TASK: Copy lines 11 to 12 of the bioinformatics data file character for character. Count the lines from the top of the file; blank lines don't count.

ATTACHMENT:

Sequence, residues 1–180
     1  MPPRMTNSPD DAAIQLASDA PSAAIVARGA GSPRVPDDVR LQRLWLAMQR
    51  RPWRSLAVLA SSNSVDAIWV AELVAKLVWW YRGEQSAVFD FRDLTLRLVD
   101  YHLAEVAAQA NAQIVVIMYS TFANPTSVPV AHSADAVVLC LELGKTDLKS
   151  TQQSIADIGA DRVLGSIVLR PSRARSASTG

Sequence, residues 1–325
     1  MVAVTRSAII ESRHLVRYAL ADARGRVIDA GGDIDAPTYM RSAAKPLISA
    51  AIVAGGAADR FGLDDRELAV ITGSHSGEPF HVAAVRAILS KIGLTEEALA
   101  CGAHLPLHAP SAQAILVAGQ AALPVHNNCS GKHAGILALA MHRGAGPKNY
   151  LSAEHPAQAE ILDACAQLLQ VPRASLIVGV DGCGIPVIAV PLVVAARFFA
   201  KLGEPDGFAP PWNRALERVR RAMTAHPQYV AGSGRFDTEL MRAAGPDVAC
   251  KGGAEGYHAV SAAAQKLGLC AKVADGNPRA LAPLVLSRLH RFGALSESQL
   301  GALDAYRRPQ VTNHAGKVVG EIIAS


   201  KLGEPDGFAP PWNRALERVR RAMTAHPQYV AGSGRFDTEL MRAAGPDVAC
   251  KGGAEGYHAV SAAAQKLGLC AKVADGNPRA LAPLVLSRLH RFGALSESQL